In photos: The air taxis that might be taking to the skies by 2025

Fancy flying to the workplace? It might be on the playing cards earlier than you suppose, given what number of air taxis are presently in growth.

From well-known aviation specialists like Airbus and Boeing to specialist producers like Vertical Aerospace, flying automobiles are being developed around the globe.

Check out the prototype autos that might be shuttling you across the nation at 200mph by the top of the last decade.

  • Flying automobiles take off: How air taxis are about to revolutionise how we journey


CityAirbus air taxi
Airbus unveiled the NextGen model of its CityAirbus air taxi in 2021. Though nonetheless on the drafting board, a prototype is because of start examined in 2023 © Airbus


The VoloCity air taxi
The VoloCity air taxi, seen right here taking a demo flight over Singapore’s Marina Bay in 2019, bore solely a passing resemblance to the prototype that first flew in 2011 © Getty Photos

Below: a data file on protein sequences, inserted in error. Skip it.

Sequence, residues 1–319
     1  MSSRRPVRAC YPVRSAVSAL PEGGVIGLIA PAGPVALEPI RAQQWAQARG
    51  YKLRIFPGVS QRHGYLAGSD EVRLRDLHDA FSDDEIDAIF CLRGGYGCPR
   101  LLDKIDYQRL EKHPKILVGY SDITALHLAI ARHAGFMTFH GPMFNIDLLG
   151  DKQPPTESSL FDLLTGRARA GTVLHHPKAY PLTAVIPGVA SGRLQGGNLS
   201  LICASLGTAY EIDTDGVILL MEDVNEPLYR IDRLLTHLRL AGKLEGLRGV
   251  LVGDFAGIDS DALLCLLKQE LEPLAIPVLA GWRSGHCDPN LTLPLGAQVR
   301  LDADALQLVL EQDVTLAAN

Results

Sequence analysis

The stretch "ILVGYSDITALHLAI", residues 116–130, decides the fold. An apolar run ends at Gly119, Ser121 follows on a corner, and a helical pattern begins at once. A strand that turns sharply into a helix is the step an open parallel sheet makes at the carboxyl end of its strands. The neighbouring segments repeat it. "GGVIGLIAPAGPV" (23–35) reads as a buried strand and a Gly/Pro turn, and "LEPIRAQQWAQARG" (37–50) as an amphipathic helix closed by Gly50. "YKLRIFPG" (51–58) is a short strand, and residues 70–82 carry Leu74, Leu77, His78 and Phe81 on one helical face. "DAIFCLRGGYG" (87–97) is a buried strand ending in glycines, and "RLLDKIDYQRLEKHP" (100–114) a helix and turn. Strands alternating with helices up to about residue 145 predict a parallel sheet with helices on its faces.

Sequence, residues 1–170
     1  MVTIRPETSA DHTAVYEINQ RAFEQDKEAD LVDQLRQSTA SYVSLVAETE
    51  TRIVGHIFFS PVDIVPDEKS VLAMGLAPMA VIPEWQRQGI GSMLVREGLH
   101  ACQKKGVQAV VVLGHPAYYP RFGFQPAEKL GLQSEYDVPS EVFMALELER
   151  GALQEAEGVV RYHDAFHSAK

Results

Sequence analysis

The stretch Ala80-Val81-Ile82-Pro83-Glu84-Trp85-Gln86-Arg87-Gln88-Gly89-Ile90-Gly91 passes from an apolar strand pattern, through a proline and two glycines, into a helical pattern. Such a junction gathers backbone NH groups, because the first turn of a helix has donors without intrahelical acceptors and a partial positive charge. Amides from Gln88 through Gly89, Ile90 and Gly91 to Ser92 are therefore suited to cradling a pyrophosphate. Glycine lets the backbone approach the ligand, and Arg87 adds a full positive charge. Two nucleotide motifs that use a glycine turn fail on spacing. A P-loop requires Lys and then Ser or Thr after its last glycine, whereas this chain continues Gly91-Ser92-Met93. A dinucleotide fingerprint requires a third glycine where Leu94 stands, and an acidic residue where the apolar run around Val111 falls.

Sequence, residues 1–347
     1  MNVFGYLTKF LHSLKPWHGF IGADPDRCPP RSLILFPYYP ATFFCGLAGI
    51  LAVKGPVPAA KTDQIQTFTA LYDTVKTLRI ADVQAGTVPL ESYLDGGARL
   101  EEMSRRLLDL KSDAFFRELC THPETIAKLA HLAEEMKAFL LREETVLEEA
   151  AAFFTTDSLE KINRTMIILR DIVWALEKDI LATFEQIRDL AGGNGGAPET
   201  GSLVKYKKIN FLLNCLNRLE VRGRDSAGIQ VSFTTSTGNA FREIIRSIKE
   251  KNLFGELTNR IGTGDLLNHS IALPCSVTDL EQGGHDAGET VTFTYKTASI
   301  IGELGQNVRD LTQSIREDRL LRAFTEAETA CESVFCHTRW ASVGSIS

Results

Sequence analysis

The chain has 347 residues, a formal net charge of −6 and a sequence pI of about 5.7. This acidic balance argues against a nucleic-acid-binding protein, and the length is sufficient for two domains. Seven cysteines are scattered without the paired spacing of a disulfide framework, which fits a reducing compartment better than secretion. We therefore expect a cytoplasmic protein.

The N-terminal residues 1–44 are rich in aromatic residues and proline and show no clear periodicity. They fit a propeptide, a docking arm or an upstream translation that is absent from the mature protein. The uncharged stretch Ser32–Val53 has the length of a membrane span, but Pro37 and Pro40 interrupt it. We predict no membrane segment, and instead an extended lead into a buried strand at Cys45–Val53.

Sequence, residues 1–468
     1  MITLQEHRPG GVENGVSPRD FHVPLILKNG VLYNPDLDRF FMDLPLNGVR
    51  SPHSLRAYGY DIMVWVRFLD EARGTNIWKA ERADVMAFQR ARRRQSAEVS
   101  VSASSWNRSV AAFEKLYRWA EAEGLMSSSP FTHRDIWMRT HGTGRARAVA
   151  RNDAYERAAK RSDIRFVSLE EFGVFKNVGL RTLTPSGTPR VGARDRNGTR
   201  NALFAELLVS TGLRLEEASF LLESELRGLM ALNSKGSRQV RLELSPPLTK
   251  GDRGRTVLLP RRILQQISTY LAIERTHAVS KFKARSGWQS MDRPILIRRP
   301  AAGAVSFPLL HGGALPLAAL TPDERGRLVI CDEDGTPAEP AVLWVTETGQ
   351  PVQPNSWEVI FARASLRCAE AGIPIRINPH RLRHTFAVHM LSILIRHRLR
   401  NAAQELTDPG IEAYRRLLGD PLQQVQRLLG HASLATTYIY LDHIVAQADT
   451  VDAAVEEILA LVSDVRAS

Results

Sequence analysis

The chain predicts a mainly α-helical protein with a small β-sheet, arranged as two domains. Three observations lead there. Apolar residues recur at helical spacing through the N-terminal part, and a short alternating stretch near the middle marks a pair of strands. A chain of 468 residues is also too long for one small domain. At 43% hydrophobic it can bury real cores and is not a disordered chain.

Boeing Passenger Air Vehicle
Boeing’s Passenger Air Automobile (PAV) is an autonomous air taxi with a configuration that differs from the ‘norm’, counting on propellers that aren’t positioned on the wings © Boeing

Joby Aviation

Joby Aviation aircraft
The Joby plane is anticipated to achieve its air service certification from the Federal Aviation Administration within the US in 2022, and there are plans for it to be in service as an aerial ride-share service by 2024 © Joby Aviation


Hoversurf prototype vehicle
2021 noticed the Russian firm Hoversurf testing a prototype of the car it hopes to develop right into a drone air taxi © AFP

Vertical Aerospace

An artist’s impression showing Vertical’s VA-X4 vehicle waiting for its next fare on top of a city-centre skyscraper
An artist’s impression displaying Vertical’s VA-X4 car ready for its subsequent fare on prime of a city-centre skyscraper © Vertical Aerospace
Two of the four passenger seats in Vertical’s VA-X4 cabin
Two of the 4 passenger seats in Vertical’s VA-X4 cabin © Vertical Aerospace
  • This text first appeared in challenge 373 of BBC Science Focus Journallearn the way to subscribe right here

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